JN: There’s lots of people to admire, there’s the pros who’ve been doing work for years who’ve been paving the way for us to do it now and get recognition Stephen Mooney, Nick Roche and Declan Shalvey, they’ve been doing great work for a while now. There’s so much talent these days. It’s a really cool community to be a part of. It’s buzzing with talent.
Jason Browne is one of the co founders of Button Press Publications whose MO is to create uniquely Irish stories which are accessible for all regardless of age.
JB: They’re based in an alternative Ireland. The Ireland that exists is an Ireland that everything we know from the myths and legends is actual history. So that’s the basis of the history and so we move to the modern day. It’s the idea that these different races married into the mortal humans so their powers and attributes are channelled through in certain lines. These are manifested as superpowers when the character reaches adolescence. We created the world called Hibernia and we have stories that exist outside of Dublin in different parts of the country. We use real locations and historical subjects to provide the back stories, Wicklow, Antrim, Kerry etc.
GP: What got you into comics?
JB: I’ve always read comic books as a kid, specifically the American ones superhero ones. I work part time at Forbidden Planet in Dublin. I found that working in store that I couldn’t recommend certain comics for kids because a lot of them were 13+ so we started with that gap; trying to create a comic that everyone can read but at the same time not talking down to them. It’s doing really well now it’s paying for itself so that makes it even more fun.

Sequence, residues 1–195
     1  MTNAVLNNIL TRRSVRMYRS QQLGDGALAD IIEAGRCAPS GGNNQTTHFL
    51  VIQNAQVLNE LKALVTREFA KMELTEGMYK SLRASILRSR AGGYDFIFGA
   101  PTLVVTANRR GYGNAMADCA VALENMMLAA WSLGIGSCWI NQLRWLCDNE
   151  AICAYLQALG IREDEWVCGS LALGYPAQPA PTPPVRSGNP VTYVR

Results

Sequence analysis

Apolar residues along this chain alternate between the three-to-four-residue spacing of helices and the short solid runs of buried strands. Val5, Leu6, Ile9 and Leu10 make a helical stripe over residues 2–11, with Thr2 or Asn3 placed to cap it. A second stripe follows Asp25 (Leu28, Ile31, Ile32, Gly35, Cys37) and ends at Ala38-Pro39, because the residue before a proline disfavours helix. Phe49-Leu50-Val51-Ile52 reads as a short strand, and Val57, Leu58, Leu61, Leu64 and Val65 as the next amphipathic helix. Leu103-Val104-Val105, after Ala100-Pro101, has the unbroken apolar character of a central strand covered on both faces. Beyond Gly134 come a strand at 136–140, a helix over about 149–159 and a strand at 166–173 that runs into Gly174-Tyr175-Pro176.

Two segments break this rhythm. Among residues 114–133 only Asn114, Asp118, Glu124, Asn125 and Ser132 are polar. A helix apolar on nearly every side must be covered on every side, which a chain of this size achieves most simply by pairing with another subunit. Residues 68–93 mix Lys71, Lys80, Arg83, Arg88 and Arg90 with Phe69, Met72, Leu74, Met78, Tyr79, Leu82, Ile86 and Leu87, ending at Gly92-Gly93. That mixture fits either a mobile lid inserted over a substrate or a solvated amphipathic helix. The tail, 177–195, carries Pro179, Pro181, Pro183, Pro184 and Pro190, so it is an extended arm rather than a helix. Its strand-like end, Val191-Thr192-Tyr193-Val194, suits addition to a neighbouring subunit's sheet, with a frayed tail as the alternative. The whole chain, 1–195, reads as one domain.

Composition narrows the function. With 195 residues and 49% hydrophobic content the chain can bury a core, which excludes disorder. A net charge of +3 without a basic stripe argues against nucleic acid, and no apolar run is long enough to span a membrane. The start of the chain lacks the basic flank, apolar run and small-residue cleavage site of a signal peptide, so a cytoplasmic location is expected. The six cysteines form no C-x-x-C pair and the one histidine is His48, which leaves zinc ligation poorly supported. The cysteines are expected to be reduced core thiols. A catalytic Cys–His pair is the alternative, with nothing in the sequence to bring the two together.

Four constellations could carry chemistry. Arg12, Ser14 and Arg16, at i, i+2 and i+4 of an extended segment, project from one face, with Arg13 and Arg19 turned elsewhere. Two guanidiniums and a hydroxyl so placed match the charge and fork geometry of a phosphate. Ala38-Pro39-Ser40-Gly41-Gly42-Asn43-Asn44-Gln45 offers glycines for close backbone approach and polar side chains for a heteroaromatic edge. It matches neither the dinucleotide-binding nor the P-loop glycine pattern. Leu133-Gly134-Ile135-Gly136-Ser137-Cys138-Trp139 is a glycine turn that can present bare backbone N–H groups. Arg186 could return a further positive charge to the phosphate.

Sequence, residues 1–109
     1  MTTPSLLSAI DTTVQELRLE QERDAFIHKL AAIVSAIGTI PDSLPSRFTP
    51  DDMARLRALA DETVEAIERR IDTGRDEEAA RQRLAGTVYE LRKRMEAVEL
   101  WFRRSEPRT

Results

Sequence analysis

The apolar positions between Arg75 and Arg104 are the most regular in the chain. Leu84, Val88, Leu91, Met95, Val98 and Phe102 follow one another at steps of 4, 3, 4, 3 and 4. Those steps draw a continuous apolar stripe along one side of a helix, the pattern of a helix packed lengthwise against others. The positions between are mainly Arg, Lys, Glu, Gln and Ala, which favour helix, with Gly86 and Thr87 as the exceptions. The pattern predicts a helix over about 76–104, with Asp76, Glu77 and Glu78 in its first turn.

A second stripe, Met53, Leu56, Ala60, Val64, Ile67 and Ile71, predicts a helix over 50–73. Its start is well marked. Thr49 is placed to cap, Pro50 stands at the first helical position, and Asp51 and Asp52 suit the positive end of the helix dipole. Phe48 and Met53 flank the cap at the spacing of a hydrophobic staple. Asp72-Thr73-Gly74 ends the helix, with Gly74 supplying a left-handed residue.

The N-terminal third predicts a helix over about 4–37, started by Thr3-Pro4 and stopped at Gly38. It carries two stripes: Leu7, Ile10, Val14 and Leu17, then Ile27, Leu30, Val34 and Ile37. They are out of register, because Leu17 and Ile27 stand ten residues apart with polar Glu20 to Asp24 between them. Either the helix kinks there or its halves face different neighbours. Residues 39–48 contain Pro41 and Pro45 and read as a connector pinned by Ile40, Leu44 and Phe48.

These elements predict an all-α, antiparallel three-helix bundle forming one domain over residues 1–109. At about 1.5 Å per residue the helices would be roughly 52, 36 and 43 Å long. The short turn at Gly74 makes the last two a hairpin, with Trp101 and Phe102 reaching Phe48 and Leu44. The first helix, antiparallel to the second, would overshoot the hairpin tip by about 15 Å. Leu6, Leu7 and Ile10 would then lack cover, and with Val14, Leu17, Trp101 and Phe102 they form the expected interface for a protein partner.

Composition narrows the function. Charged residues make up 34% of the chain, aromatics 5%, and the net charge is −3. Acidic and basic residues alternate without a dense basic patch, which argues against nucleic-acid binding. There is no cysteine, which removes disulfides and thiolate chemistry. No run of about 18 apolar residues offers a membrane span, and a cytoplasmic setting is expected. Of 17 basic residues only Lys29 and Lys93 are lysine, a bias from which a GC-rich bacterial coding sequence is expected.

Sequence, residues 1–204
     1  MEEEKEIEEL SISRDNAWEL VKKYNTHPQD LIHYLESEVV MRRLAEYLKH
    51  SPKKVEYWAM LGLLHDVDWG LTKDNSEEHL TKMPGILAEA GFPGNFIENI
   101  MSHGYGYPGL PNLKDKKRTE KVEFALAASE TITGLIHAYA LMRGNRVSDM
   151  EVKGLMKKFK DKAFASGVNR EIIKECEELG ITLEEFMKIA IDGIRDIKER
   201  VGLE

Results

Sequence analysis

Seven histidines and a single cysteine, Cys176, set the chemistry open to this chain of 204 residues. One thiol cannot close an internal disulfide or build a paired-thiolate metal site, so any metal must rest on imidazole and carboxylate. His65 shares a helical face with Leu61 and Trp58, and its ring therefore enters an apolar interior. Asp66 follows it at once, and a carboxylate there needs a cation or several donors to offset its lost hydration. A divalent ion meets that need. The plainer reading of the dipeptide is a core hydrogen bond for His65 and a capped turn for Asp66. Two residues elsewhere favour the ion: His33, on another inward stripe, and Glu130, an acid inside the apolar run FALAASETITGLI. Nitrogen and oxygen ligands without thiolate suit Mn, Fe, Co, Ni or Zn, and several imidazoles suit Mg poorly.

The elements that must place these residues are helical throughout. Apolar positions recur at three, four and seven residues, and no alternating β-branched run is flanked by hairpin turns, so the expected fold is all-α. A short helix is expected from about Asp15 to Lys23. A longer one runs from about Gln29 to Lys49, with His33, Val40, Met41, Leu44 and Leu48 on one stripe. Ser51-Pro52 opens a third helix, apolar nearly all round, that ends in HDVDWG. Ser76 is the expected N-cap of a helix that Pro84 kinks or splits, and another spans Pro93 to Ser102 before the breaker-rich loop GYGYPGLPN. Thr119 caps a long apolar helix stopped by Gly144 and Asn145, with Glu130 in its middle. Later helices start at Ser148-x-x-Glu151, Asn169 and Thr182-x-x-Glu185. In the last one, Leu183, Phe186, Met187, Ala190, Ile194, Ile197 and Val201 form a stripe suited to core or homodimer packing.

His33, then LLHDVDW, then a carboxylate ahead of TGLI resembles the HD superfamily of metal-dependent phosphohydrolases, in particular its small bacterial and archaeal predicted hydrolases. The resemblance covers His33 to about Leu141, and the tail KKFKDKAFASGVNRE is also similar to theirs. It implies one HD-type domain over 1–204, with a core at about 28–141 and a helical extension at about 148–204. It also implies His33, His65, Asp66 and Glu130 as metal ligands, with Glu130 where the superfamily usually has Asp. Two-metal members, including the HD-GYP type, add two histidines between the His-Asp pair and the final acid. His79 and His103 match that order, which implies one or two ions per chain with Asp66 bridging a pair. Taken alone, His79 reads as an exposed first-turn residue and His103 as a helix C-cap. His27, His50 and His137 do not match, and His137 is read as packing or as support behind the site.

GP: Who do you admire in the Irish comic scene today?
JB: There are so many people now and especially with social media it’s opened the door for so many people. I can advertise online, I’ve got comics on sale in New York, Toronto, and London. There’s a huge fan base in Mexico! If you have the idea, the passion you can do it, you can go out there and do it yourself! It’s a constant learning process. The more you draw the better you get.
Shane Ormond and Kevin Keane spoke to me about the creative process behind The Guards. They, along with Colin O’Mahoney and Alice Coleman,have created “a paranormal crime drama about people who don’t belong.”